The first time, I blocked the quilt and bound it with a method that machine stitches mitered corners. You cut the binding lengths to match the quilt measurements plus an extra couple of inches. Once the sides are sewn up to, but not including the seam allowance, you stitch the ends of two bindings together in a miter, press and turn. The corner is beautifully formed...theoretically. It looks really nice when done right, but it takes practice to get it right. Ricky Tims does his quilts this way, but I have not achieved his level of expertise. My problem might have been a tiny nipple at the point of the turned corner.
TIP: With this method, if you get a nipple on your corner you may have to do the whole side over because you have trimmed the inner seam just like you would a collar point so there's not much left to work with.
After removing the errant binding I soaked the quilt and re-blocked it. I first took 3 measurements horizontally and 3 measurements vertically, i.e. 1-2" from the edge of each side, top and bottom and one across the middle of each dimension. They may not match perfectly, but you can work with some minor discrepancy. If you have a major discrepancy you may have to trim. Then I averaged the numbers to get the final dimensions of my quilt. Next I hauled out my sheet of 1" styrofoam from the local big box hardware store and laid out blue painter's tape in a rectangle so the inner edges were the dimensions of my quilt. Be sure to measure the diagonals as well. They must be equal to each other. A non-square corner can throw the whole thing off.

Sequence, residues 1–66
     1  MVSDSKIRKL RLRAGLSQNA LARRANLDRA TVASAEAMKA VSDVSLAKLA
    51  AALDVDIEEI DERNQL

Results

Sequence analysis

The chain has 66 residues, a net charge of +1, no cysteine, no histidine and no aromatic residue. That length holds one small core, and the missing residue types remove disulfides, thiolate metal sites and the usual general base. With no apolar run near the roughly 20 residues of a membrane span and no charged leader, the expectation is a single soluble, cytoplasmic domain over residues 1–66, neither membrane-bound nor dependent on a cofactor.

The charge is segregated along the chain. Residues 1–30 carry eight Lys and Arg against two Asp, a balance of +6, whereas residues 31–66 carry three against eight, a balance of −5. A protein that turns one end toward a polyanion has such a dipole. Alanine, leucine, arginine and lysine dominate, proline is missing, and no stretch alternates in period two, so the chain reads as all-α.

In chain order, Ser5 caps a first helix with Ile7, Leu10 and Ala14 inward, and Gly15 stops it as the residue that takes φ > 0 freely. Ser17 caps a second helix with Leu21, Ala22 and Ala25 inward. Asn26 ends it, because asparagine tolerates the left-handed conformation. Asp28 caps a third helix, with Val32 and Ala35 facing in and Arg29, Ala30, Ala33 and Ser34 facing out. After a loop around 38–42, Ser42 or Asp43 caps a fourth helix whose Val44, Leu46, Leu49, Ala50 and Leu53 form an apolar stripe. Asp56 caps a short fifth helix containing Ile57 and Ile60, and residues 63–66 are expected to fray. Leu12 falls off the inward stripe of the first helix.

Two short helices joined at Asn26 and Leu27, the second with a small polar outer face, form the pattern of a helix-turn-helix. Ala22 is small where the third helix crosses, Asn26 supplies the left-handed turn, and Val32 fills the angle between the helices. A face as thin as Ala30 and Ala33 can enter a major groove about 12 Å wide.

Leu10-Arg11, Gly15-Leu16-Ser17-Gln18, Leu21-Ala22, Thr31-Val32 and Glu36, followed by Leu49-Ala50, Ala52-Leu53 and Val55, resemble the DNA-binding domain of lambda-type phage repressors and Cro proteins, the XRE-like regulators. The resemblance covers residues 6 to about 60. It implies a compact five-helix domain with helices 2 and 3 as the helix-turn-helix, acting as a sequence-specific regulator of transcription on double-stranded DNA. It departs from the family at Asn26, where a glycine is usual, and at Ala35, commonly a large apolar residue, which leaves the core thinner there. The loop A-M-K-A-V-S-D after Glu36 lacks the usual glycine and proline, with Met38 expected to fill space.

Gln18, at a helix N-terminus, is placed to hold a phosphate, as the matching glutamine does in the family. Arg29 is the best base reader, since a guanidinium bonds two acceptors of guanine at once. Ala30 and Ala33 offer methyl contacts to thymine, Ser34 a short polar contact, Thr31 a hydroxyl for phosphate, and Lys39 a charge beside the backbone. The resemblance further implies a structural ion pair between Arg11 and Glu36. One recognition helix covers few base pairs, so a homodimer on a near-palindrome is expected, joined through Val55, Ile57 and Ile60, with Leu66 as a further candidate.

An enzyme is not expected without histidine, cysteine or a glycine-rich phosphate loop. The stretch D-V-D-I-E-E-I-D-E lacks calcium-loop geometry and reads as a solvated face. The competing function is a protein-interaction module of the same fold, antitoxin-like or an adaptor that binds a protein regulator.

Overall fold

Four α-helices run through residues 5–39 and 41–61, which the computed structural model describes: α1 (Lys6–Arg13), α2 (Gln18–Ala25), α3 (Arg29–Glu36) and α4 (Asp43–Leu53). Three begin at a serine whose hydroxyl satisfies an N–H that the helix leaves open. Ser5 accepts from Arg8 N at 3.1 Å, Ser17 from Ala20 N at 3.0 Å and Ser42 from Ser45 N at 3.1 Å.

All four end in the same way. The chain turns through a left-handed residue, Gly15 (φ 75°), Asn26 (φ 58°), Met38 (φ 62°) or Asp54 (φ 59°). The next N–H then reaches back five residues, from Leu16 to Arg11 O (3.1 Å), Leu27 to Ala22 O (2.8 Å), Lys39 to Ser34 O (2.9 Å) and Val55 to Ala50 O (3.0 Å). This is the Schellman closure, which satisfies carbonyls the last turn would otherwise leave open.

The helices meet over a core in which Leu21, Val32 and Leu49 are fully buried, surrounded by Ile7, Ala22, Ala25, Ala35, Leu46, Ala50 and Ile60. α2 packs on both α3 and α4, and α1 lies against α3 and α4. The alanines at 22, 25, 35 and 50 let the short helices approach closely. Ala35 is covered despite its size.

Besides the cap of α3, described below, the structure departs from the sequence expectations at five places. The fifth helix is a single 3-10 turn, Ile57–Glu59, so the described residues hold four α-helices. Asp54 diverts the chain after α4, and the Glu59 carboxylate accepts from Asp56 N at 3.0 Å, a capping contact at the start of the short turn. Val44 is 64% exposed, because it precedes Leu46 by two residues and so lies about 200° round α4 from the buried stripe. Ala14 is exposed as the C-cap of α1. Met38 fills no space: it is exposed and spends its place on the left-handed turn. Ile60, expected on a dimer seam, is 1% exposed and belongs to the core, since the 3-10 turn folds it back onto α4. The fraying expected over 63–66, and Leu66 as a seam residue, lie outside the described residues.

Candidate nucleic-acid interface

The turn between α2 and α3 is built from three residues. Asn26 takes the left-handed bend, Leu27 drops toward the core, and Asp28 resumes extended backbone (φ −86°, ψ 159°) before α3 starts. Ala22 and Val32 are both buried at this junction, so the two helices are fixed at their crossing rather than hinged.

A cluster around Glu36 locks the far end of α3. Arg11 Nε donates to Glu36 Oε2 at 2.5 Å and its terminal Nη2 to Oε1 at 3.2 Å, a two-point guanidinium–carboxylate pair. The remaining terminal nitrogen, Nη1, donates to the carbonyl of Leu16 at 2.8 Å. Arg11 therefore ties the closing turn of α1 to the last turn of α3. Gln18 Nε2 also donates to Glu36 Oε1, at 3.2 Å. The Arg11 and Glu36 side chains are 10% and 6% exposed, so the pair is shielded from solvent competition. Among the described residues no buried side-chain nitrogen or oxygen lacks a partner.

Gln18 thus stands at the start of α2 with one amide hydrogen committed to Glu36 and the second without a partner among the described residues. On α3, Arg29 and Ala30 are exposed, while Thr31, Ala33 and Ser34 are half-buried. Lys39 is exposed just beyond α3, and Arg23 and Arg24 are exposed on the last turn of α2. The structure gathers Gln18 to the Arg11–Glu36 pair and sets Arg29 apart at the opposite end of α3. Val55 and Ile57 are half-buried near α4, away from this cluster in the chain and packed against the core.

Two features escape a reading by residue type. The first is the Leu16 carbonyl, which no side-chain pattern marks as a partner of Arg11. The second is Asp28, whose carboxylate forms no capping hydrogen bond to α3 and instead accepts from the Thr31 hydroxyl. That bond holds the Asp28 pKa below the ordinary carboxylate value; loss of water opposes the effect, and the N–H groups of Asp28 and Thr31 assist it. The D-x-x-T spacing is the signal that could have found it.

|My Blocking Board|
(I have done several quilts so there are extra blue tape lines to ignore.)
|"Fenestra Rosa" pinned into submission.|
TIP: It really comes down to accurate blocking. If the quilt is off in any dimension it will not hang straight and the judges will catch it every time. If the quilt is for home use and will only hang on the clothesline this need not be an issue.
This time I bound the quilt with Sharon Schamber's method and it went very smoothly. We'll see what I get back from future shows.
Happy Stitching until next week.